Regarding the CSEA Settlement Back Pay and Implementation cost, Schlereth emphasized that this represented a real reduction in the budget of Administration and Finance. Andy Merrifield noted that the Implementation cost was one-time, and that for Back Pay was a three-year commitment. Harris asked why the authors of the proposal had developed inconsistent approaches to the On-Going and Back Pay issues, when both involved real employees in real units. Schlereth responded that the idea had been put forward by PBAC members. Some of the cost could be absorbed by additional revenue resulting from tripling next year of the remaining units within Housing. Farish added that this also related to the question of the feasibility and advisability of shifting EMT cost to Housing as a mechanism for providing more money to Academic Affairs. Schlereth stated that Tim Tiemens is now developing an estimate of the impact of tripling on Housing. Given the financial condition of Housing, it is not likely that this money will actually come from Housing. Instead, it will have to come from other sources available to Administration and Finance. Marty Ruddell asked what other sources? Schlereth replied that CRC will meet tomorrow, their primary task being the development of recommendations regarding reduction in expenditures and services within A&F to meet these costs. CRC members will be asked to identify activities and recommend reductions at that meeting. Clark asked when the various Housing mortgages would be retired. Schlereth responded that the earliest relief would not come until 2002.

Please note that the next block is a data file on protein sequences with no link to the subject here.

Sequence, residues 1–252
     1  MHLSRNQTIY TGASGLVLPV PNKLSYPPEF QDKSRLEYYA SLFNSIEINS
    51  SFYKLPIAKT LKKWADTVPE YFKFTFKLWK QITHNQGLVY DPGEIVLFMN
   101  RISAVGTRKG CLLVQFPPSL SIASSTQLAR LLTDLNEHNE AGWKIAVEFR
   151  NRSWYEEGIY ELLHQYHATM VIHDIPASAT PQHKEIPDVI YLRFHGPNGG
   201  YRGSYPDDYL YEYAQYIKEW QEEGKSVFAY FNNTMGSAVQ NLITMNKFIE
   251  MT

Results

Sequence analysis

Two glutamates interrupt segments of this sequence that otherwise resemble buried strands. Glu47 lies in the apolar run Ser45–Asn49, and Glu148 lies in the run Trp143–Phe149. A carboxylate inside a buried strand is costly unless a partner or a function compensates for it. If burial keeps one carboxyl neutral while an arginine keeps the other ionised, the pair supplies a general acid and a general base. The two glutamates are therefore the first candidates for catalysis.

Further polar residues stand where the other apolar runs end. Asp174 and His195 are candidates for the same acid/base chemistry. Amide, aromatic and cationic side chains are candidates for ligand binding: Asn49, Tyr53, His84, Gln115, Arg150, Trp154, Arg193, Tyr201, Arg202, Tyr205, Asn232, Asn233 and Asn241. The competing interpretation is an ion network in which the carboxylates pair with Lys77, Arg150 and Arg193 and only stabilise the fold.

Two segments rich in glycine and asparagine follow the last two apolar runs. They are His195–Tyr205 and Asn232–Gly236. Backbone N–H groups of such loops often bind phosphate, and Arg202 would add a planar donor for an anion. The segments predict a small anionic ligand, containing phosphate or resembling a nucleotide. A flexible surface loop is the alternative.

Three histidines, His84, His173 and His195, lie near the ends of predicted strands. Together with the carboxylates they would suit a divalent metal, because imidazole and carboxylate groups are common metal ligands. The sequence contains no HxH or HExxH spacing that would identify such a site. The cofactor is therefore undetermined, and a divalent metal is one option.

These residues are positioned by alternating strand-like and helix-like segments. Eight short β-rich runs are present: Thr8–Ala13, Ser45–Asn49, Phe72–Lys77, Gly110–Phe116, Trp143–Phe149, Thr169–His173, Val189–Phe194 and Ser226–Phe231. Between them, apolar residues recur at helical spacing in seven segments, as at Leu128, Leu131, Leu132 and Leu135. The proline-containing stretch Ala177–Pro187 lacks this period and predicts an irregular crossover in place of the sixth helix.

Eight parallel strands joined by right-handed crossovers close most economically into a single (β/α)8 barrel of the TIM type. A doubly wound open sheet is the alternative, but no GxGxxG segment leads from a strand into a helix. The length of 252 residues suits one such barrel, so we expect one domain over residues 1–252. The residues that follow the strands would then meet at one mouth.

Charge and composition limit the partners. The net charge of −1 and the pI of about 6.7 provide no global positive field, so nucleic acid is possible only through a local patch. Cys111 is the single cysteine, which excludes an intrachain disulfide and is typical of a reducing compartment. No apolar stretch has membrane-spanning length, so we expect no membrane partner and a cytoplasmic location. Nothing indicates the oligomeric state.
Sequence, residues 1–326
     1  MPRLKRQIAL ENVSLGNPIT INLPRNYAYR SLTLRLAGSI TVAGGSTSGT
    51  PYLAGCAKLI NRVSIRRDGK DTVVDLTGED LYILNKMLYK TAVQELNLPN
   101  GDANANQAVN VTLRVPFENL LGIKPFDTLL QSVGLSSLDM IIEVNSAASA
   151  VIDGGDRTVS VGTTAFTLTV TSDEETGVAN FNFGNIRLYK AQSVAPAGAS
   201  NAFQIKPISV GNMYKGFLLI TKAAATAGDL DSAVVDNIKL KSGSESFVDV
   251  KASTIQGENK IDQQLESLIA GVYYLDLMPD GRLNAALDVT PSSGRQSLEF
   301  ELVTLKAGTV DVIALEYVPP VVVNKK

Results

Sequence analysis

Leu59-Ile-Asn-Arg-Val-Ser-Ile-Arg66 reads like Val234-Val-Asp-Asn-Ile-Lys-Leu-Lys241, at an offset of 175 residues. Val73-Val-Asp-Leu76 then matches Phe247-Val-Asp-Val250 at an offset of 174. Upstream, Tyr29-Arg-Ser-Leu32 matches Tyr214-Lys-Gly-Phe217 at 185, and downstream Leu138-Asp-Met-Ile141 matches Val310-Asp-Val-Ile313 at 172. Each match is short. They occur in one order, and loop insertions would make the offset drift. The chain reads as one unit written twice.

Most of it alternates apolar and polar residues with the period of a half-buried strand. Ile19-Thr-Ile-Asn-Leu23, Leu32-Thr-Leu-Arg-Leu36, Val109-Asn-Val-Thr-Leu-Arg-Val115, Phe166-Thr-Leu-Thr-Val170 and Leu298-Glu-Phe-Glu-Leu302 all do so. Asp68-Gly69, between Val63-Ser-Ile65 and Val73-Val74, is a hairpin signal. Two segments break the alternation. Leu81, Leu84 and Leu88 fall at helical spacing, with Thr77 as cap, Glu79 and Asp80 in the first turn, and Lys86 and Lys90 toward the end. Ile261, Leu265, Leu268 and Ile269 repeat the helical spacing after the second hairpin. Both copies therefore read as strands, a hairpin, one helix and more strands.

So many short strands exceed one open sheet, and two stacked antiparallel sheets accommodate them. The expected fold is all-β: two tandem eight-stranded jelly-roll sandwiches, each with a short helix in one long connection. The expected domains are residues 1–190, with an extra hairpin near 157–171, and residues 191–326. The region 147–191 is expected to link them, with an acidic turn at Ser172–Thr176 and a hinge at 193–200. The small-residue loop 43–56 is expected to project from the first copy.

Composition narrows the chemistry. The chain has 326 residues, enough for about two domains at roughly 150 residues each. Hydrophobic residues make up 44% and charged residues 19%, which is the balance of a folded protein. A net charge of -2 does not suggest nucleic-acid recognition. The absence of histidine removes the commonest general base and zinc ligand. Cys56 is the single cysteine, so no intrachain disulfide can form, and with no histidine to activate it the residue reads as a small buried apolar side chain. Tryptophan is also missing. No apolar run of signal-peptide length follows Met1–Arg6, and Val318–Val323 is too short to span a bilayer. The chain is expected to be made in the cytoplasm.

Schlereth explained that the portion of the Structural Deficit to be paid by replacing the interfund loan debt service (recommended by PBAC on March 12, 1996) with funds allocated for Space Management debt service results from the liquidation of that debt in 1997/8 and 1998/9. This fund currently pays the cost of temporary buildings occupied by Fiscal Services, Human Services, and Financial Aid. This recommendation will result in pushing back the repayment schedule one year. Parking Maintenance and Building fund balances will not be replenished at the same rate. As a result, Administration & Finance will have to build a smaller, temporary lot (with a covering of gravel rather than asphalt and with adequate, but temporary lighting) which will have to last until at least 2001. Routine maintenance and repairs of existing lots and roads will also suffer.

Schlereth also explained that the GTE Moblenet funds represents new money which is not otherwise encumbered. There appear to be no Health & Safety or research problems associated with the project, which should also have no significant visual impact on the campus because it is sheltered by the trees in the Corporation Yard.

Schlereth noted that the remaining source, Allocation of the Residual to Administration and Finance, represents a real reduction to A&F. Discussion within CRC will result in recommendations regarding the reductions.

Barnier asked what impact this would have on the idea of Enterprises generating more money for the General Fund; "does this take off the table a look at SSE?" Schlereth responded that one idea is to fully reimburse SSE for services performed by this University, which will result in a reduction in the net income of Enterprises.